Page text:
Leanne Brown set out to prove that in her cookbook Good and Cheap

It is designed for the SNAP (food stamp) budget, which comes to about $4 a day for meals. 

And the author puts her money where her mouth is: the book is available as a free PDF download online, as well as in a tangible version. 

Perigee Books

April Peveteaux does not avoid gluten because avoidance is trendy.

She has celiac disease, which produces a painful reaction to gluten. 

But she's fought the stuff to a standstill... witness her blog, "Gluten Is My Bitch." 

MeganKimble.com

You've heard of people who tried to do something different for an entire year?

Megan Kimble may have set herself the hardest task of all: attempting to spend an entire year NOT eating processed foods. 

Easy for someone who already eats whole foods, maybe, but a trick for the rest of us. 

The journey led to Megan Kimble's book Unprocessed, in which she takes up her year-long challenge while living in a city, far from farms. 

Spreading Local Food Around

Dec 1, 2014
Wikimedia

The idea of eating food grown nearby certainly caught fire in recent years.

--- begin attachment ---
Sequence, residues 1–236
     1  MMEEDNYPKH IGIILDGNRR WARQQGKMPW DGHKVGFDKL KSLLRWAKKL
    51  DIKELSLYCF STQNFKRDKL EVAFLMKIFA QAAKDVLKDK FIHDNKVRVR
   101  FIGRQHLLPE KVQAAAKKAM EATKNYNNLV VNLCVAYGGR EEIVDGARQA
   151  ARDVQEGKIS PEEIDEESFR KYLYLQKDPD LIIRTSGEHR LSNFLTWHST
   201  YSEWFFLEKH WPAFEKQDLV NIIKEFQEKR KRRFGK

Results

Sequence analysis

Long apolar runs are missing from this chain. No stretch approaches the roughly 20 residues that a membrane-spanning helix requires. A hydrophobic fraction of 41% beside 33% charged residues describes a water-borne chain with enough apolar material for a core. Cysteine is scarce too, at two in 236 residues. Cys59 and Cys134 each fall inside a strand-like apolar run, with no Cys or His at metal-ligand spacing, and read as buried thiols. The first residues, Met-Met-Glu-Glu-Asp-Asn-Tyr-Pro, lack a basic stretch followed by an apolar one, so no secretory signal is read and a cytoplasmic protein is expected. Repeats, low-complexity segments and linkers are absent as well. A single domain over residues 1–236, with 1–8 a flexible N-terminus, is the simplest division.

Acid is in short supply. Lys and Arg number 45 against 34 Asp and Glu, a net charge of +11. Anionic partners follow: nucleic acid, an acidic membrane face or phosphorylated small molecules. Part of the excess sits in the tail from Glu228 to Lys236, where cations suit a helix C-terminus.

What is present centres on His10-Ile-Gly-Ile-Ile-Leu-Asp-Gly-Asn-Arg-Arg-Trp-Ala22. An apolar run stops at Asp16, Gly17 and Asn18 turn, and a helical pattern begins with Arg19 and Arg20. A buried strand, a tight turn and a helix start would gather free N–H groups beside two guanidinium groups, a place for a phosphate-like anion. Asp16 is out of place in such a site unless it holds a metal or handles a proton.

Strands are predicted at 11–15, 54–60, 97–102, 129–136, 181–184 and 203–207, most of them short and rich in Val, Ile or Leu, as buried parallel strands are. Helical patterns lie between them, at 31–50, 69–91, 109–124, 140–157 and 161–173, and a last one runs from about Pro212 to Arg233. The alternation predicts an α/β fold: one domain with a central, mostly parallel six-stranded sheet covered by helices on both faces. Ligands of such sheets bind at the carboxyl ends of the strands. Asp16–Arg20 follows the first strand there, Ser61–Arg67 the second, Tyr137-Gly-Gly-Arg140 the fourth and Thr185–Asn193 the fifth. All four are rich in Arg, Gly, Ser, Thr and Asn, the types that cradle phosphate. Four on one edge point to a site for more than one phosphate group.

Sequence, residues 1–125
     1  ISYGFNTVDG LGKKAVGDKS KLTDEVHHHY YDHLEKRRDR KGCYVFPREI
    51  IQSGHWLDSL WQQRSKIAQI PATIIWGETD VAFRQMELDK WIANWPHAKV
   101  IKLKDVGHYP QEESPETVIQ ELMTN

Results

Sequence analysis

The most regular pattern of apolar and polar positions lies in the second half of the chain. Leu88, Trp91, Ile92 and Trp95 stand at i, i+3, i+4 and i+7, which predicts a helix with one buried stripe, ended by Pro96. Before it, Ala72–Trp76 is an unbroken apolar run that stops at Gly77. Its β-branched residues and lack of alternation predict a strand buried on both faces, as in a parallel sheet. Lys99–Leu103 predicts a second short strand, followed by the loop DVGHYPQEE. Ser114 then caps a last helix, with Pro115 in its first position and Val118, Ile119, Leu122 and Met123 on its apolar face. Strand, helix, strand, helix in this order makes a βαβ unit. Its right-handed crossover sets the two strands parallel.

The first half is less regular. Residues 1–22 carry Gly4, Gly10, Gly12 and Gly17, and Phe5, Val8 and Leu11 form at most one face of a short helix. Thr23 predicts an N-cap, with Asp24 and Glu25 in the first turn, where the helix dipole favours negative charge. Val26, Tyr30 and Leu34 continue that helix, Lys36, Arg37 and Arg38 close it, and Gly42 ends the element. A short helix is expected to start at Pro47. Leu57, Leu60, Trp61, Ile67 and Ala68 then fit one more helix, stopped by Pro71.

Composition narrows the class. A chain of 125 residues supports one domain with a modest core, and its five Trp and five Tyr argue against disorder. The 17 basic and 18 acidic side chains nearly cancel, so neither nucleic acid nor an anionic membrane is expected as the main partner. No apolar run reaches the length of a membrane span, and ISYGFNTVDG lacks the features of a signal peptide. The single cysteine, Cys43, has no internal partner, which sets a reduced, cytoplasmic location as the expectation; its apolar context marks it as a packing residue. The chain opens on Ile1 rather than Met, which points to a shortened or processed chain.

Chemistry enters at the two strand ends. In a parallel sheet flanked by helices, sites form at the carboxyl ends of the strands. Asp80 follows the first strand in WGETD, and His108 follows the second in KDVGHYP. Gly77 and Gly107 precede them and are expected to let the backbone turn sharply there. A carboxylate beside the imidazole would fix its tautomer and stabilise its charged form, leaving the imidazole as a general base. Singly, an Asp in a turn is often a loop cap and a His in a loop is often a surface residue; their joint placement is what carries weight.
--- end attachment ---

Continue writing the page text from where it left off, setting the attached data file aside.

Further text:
But there are some continued issues with getting people who live here--wherever "here" is--to buy food grown here. 

One of the issues is where to buy the food. 

It often takes a special trip to a farmer's market or similar store to obtain locally-grown food. 

Getting the food into "regular" grocery and even convenience stores could make a big difference. 

To The Kitchen With The Fermentistas

Nov 10, 2014
Storey Publishing

You too can become a fermentista.  It is not a misspelling, the term is fermentista, not "feminista". 

A fermentista is an artist of vegetable fermentation, according to Kirsten Shockey and Christopher Schockey. 

They are Applegate Valley farmers and the creators of the fermentista website... and now, the authors of the cookbook "Fermented Vegetables."